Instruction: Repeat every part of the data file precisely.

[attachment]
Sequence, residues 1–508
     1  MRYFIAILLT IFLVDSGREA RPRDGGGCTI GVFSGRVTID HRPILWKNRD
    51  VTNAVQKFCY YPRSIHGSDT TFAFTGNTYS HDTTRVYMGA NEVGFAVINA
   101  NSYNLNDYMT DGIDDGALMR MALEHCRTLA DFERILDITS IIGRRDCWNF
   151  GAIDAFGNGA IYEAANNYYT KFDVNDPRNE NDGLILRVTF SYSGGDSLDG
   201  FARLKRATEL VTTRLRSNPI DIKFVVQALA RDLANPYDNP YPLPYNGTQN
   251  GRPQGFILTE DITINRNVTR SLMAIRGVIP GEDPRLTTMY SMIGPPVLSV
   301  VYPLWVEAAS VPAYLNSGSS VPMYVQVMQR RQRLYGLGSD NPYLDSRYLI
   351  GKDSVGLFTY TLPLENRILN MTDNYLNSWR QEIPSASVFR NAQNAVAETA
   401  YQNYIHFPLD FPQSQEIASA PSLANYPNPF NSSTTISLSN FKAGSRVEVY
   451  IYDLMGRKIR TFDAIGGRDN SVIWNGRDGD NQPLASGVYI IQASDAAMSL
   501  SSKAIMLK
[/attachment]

Sequence, residues 1–508
     1  MRYFIAILLT IFLVDSGREA RPRDGGGCTI GVFSGRVTID HRPILWKNRD
    51  VTNAVQKFCY YPRSIHGSDT TFAFTGNTYS HDTTRVYMGA NEVGFAVINA
   101  NSYNLNDYMT DGIDDGALMR MALEHCRTLA DFERILDITS IIGRRDCWNF
   151  GAIDAFGNGA IYEAANNYYT KFDVNDPRNE NDGLILRVTF SYSGGDSLDG
   201  FARLKRATEL VTTRLRSNPI DIKFVVQALA RDLANPYDNP YPLPYNGTQN
   251  GRPQGFILTE DITINRNVTR SLMAIRGVIP GEDPRLTTMY SMIGPPVLSV
   301  VYPLWVEAAS VPAYLNSGSS VPMYVQVMQR RQRLYGLGSD NPYLDSRYLI
   351  GKDSVGLFTY TLPLENRILN MTDNYLNSWR QEIPSASVFR NAQNAVAETA
   401  YQNYIHFPLD FPQSQEIASA PSLANYPNPF NSSTTISLSN FKAGSRVEVY
   451  IYDLMGRKIR TFDAIGGRDN SVIWNGRDGD NQPLASGVYI IQASDAAMSL
   501  SSKAIMLK